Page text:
Home | Food | First reaction: Lab-made burger short on flavor

First reaction: Lab-made burger short on flavor

By
Share with a friend on:    
Font size: Decrease font Enlarge font
First reaction: Lab-made burger short on flavor

They bit, they chewed, but had hoped for more flavor.

Two volunteers who participated in the first public frying of hamburger grown in a lab said Monday that it had the texture of meat but was short of flavor because of the lack of fat.

Mark Post, whose team at Maastricht University in the Netherlands developed the burger, hopes that making meat in labs could eventually help feed the world and fight climate change. That goal is many years distant, at best.

Sergey Brin, a co-founder of Google, appeared on a video shown at the event and announced that he funded the 250,000-euro ($330,000) project because of his concern for animal welfare.

“I would say it’s close to meat. I miss the salt and pepper,” said Austrian nutritionist Hanni Ruetzler, one of the volunteer tasters. Both shunned the bun and sliced tomatoes to concentrate on the meat.

“The absence is the fat, it’s a leanness to it, but the bite feels like a conventional hamburger,” said U.S. journalist Josh Schonwald. He added that he had rarely tasted a hambuger, as he did on Monday, “without ketchup or onions or jalapenos or bacon.”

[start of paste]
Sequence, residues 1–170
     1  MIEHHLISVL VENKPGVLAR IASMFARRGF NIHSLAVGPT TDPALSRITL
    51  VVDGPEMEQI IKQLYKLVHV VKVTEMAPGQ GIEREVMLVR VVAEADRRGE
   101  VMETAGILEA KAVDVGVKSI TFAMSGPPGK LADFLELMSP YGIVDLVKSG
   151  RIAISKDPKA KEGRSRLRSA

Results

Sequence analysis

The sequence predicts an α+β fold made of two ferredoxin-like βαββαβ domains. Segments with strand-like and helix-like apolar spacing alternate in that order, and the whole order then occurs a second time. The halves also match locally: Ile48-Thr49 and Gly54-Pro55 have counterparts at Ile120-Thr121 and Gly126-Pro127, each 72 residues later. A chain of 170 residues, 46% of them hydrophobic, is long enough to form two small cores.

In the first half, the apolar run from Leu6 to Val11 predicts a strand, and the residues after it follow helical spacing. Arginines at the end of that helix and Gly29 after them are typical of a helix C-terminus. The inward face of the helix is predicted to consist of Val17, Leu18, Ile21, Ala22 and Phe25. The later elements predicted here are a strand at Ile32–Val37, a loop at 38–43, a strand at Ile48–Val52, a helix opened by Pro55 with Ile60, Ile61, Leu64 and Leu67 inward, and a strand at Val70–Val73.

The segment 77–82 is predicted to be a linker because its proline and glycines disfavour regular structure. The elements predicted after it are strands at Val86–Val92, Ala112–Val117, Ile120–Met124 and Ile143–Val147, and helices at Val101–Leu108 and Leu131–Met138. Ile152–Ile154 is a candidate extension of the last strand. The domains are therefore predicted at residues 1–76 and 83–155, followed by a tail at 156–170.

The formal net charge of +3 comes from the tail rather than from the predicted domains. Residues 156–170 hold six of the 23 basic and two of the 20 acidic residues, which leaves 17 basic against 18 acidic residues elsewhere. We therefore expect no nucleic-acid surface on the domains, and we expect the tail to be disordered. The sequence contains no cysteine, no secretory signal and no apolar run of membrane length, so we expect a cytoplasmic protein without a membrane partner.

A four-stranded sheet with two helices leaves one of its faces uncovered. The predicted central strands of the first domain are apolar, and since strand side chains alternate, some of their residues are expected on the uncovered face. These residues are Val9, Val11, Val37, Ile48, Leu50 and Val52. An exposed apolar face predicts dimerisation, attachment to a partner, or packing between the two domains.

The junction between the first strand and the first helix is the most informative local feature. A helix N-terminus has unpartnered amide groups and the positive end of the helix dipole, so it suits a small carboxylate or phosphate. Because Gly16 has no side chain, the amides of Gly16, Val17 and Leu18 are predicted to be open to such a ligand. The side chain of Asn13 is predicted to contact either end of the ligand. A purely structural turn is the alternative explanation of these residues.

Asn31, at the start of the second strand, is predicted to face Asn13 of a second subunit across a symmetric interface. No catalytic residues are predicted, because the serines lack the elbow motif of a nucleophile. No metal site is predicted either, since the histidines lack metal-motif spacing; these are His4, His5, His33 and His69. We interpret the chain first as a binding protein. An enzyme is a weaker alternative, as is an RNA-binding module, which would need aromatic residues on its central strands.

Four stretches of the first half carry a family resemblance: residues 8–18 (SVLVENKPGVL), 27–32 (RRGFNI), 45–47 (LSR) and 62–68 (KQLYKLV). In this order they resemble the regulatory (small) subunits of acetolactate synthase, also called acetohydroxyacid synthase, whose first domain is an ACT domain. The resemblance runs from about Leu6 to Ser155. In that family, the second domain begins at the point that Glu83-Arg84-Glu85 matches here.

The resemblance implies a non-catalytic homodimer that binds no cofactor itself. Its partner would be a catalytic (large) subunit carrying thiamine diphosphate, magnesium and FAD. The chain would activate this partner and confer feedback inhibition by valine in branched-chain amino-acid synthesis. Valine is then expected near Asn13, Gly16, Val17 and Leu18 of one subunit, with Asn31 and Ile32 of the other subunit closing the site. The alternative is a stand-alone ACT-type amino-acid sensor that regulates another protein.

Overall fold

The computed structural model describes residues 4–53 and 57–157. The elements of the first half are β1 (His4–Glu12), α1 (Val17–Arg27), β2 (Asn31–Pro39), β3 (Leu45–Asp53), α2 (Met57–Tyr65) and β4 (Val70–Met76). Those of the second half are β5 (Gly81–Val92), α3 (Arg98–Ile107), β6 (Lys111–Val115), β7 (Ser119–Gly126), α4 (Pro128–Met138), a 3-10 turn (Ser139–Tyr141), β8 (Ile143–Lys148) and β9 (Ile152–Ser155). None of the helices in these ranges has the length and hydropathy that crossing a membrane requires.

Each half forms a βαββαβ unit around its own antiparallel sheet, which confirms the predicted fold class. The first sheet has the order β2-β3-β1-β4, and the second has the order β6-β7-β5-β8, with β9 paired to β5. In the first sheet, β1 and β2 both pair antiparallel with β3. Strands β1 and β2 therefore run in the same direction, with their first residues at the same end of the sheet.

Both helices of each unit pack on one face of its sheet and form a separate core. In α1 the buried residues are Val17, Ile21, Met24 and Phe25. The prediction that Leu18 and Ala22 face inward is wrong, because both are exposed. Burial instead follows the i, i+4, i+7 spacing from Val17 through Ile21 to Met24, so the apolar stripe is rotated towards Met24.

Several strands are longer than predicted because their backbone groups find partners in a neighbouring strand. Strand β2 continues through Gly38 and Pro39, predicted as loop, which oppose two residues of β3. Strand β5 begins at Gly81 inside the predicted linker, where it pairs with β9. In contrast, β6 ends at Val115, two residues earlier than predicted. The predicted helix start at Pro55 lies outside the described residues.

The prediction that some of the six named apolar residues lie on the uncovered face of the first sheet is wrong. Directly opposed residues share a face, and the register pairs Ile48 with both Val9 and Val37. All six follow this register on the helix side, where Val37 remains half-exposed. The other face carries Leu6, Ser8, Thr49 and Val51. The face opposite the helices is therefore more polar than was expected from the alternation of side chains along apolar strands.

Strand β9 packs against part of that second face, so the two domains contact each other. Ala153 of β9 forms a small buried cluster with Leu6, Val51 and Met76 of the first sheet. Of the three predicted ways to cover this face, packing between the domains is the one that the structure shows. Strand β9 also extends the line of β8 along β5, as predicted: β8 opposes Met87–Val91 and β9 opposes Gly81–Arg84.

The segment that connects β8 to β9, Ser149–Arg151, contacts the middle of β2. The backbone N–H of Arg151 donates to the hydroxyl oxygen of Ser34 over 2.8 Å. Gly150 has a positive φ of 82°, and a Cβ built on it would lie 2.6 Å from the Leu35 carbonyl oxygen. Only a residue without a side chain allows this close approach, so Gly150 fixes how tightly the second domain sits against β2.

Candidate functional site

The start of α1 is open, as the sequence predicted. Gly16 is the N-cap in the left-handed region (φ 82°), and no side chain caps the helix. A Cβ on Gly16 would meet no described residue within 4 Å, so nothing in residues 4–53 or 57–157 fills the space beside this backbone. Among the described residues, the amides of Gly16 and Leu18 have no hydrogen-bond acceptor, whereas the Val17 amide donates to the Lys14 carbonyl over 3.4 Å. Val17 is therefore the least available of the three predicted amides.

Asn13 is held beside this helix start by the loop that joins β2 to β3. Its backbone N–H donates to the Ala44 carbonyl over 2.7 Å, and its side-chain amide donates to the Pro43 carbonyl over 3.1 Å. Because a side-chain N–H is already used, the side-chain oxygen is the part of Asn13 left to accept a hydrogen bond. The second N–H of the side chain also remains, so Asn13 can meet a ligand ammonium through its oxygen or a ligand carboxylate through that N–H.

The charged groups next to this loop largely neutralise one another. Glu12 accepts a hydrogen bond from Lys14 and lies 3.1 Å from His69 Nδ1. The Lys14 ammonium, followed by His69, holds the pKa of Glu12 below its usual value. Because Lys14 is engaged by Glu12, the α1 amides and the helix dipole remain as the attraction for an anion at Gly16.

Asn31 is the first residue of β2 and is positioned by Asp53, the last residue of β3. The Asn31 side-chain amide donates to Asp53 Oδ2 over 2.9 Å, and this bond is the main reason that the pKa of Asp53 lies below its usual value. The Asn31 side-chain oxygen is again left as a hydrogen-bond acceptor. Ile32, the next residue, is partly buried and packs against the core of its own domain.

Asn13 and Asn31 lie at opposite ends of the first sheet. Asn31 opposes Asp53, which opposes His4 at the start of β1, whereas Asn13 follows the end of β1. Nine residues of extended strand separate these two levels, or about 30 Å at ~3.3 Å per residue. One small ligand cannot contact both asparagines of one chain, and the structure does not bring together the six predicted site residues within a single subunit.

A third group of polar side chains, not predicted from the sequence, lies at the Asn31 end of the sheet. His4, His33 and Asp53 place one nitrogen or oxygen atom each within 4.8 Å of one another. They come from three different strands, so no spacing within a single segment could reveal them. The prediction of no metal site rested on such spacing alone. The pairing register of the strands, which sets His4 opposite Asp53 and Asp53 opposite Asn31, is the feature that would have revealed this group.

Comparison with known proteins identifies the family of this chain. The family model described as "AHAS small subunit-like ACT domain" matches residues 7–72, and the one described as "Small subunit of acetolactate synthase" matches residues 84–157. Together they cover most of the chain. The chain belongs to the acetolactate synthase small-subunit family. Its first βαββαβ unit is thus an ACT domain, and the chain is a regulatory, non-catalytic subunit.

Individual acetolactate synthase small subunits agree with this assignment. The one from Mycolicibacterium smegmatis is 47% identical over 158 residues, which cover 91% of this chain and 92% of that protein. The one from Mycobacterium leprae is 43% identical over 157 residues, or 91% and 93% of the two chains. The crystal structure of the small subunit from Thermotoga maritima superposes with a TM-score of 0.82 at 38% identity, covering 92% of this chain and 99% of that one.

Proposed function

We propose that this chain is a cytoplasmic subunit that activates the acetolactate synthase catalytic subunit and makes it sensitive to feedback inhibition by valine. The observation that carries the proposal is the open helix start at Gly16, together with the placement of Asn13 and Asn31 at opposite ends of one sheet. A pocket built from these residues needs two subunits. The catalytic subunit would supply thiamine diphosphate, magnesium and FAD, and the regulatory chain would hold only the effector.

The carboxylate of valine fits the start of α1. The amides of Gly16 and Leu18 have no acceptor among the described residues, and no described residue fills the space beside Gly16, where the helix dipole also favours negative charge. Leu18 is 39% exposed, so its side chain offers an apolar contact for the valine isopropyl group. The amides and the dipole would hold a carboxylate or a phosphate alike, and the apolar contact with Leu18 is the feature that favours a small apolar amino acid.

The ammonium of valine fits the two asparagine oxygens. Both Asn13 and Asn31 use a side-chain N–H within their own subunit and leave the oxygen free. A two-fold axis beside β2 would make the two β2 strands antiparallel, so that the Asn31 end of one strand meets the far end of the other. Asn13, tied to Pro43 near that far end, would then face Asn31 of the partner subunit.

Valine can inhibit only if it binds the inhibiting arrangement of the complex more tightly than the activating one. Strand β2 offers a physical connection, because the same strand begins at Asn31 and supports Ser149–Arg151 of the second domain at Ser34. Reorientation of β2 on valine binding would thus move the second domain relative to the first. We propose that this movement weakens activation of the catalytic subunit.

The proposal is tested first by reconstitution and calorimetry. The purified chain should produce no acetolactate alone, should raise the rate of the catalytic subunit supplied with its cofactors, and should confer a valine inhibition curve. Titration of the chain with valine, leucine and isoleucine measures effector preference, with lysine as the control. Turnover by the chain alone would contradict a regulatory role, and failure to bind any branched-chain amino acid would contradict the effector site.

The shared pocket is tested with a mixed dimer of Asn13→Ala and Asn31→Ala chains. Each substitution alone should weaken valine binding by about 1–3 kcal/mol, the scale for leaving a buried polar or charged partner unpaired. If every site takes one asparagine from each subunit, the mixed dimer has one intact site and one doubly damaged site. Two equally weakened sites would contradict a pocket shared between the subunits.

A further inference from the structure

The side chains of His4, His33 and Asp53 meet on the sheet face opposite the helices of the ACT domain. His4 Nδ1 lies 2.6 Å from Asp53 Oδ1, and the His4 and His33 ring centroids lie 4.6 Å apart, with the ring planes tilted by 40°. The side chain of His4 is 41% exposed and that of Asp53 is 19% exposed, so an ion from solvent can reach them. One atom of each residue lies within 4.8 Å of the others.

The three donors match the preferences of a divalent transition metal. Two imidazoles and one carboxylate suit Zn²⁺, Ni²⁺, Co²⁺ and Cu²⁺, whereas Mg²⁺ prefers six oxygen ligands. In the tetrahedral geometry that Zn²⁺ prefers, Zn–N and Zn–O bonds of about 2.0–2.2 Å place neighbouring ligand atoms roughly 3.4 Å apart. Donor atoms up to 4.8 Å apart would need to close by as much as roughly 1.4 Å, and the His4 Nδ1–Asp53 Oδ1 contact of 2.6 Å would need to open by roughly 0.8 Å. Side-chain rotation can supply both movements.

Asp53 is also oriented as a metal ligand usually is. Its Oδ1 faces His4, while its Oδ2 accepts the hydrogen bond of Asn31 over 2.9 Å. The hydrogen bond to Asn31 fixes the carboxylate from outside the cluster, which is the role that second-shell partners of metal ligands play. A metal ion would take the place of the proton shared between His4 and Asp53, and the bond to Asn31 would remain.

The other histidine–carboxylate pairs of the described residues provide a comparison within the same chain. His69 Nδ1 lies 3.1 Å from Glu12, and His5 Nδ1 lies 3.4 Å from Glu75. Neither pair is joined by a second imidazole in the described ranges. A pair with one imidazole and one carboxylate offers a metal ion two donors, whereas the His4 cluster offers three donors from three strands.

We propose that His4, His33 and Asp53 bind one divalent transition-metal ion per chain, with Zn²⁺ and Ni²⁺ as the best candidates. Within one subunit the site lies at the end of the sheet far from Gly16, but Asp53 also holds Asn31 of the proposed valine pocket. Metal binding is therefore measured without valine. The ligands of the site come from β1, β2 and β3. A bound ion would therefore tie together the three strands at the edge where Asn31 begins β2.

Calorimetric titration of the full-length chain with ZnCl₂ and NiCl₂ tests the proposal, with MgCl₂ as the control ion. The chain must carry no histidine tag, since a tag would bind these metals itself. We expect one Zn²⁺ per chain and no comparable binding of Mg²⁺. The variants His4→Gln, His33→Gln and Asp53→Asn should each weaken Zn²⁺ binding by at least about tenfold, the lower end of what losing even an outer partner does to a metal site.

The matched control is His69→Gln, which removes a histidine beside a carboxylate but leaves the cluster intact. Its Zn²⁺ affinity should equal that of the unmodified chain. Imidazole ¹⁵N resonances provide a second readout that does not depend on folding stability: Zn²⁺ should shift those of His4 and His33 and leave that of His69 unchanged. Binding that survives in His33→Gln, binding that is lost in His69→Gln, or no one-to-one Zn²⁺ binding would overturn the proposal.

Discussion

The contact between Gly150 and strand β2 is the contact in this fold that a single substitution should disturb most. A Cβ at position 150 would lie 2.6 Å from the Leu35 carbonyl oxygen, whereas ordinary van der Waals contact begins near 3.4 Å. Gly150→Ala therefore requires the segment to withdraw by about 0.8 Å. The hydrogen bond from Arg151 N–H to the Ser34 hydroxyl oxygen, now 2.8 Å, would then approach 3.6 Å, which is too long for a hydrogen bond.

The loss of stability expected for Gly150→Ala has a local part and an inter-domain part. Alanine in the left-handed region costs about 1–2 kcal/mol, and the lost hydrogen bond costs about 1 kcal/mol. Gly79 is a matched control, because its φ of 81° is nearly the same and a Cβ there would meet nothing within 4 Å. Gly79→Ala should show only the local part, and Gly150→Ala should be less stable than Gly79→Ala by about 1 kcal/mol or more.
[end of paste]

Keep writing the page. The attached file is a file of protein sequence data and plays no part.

Monday’s taste test, coming after five years of research, is a key step toward making lab meat a culinary phenomenon. Post called it “a good start.”

Brin expressed high hopes for the technology.

“We’re trying to create the first cultured beef hamburger. From there I’m optimistic we can really scale by leaps and bounds,” he said on the video.

Post said it’s crucial that the burger has the “look, feel and taste like the real thing.”

Despite the tasters concern about flavor, scientists say that can be tweaked.

“Taste is the least (important) problem since this could be controlled by letting some of the stem cells develop into fat cells,” said Stig Omholt, director of biotechnology at the Norwegian University of Life Sciences. Adding fat to the burgers this way would probably be healthier than getting it from naturally chunky cows, Omholt said before Monday’s test. He was not involved in the project.

Post and colleagues made the meat from the muscle cells of two organic cows. The cells were put into a nutrient solution to help them develop into muscle tissue, growing into small strands of meat.

Read more...

Share with a friend on:    
image

Traveling Murphy

Traveling Murphy started as a way for me to share all the unique restaurants and fun things to do in…Read more
image

Mallory Sills

Fashion Institute of Technology certified Image Consultant and Stylist, Mallory is driven to enhance confidence and celebrate women looking and…Read more
image

Sara Snelling, Fox Valley Nutritionist

Sara Snelling is an innovative, forward-thinking nutritionist with a food science, food service and food safety background. While earning her…Read more
image

11th Hour Bartending Services

We are a mobile bartending service located in the Fox Valley and have been bringing fun craft cocktails to private…Read more
Sign up for news, deals and doings
What's going on in the Fox
Fox Valley Magazine's Current Issue